At The Standard: Labour Spokesperson for Family and Sexual Violence Poto Williams on Willie Jackson

Kia orana

As the Labour Party Spokesperson for Family and Sexual Violence, I am concerned that Willie Jackson is becoming a Labour Party candidate with a prominent ranking on the list.

White Ribbon encourages everyone to break the silence around domestic violence by challenging comments and actions that are abusive or condone abuse. I was a vocal opponent of Mr Jackson’s comments during the ‘Roast-Busters’ incident and I do not believe that his attitude towards victims of sexual abuse match what I expect of a member of the Labour Party. Especially a member of our caucus.

I appreciate that Mr Jackson may regret his comments, but I am yet to hear that he understands his attitudes and views are highly offensive to many New Zealanswrs. I’m yet to hear that he wishes to work on putting that right and apologise for his behaviour.

Violence is not just physical, but also covers emotional and verbal abuse. Not speaking out against abuse of any kind is condoning or tacitly endorsing that behaviour. The comments Mr Jackson made around the ‘Roast-Busters’ incident are never OK, but it is OK to ask for help.

White Ribbon calls for us to support people who wish to change their abusive behaviour, so I welcome the opportunity to support Mr Jackson in apologising and making those changes.

Until then, as someone who speaks for the victims of family and sexual violence, and as a survivor of such abuse, I can not in good conscience support him as my colleague.

That’s strong public criticism from a Labour MP, effectively condemning Little’s choice of candidate.

There is a lot of discussion on that Standard post where at a glance looks to be fairly strongly against Jackson.

An Open Letter being circulated in social media:

Open Letter to New Zealand Labour Party Council re: Willie Jackson

Dear New Zealand Councillors,We, the undersigned New Zealand Labour Party Members, write to express our collective dismay at recent news that Willie Jackson seeks a high list placing to re-enter Parliament as a Labour MP.

From defending the conduct of the Roastbusters gang, to questioning the suitability of a Labour MP for leadership because of his sexuality, to advocating for National’s charter schools, Mr Jackson has, time and time again, demonstrated his unsuitability to be a New Zealand Labour Party Member of Parliament.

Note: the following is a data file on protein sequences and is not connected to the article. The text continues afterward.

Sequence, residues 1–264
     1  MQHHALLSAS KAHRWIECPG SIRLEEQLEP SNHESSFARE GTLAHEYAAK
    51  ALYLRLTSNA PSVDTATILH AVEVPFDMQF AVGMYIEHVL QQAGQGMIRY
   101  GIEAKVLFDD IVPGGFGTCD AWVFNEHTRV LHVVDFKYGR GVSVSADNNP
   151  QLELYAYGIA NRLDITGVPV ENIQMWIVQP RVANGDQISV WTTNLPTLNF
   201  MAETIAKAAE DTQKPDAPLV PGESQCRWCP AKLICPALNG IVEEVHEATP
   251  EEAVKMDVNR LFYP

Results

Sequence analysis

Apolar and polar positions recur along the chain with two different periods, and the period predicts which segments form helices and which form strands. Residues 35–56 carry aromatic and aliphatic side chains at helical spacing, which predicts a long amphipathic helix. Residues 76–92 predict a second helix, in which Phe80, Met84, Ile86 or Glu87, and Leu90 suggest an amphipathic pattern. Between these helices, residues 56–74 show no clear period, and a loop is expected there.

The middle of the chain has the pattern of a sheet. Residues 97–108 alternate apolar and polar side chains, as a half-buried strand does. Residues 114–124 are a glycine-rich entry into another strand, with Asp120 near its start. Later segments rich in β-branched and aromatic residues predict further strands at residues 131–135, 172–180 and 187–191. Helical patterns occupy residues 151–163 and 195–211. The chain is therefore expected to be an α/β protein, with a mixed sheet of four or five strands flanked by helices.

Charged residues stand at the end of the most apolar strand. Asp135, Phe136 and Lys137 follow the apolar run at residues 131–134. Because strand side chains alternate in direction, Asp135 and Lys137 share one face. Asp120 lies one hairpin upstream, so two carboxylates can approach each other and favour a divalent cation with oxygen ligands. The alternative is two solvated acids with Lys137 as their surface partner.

Roastbusters Rape Apologist

During the 2013 Roast Busters investigation Mr Jackson, along with his co-host John Tamihere, interviewed a young woman on their RadioLIVE show who was close to some of the victims and familiar with the case. During the interview Jackson engaged in a line of questioning that blamed the alleged victims and mocked the interviewee.

Jackson refuted the interviewee’s allegation that the young men involved were rapists, saying “girls shouldn’t be drinking anyway, should they?”, “how free and easy are you kids these days?”, and referring to the accusations as “mischief”, before asking the young woman when she had lost her virginity.

Jacksons’ conduct in regards to this investigation was abhorrent and totally at odds with Labour values. Allowing Jackson to represent our Party flies in the face of survivors of sexual violence, and the policies Labour seeks to put in place to improve justice system processes for complainants.

Comments about LGBT New Zealanders

Mr Jackson seeks to join the party that introduced Homosexual Law Reform and marriage equality, but says he is “a little uncomfortable with gay men”. As a talkback host he interrogated a Labour MP and leadership candidate about his sexuality. He followed this appalling interview with a column which dressed up his homophobia as remorse on behalf of a country ‘not ready’ for a gay Prime Minister. Jackson wrote:
“The main issue, however, for Robertson has nothing to do with his ability to be able to front over policy, which he does well – but everything to do sadly, with him being homosexual.”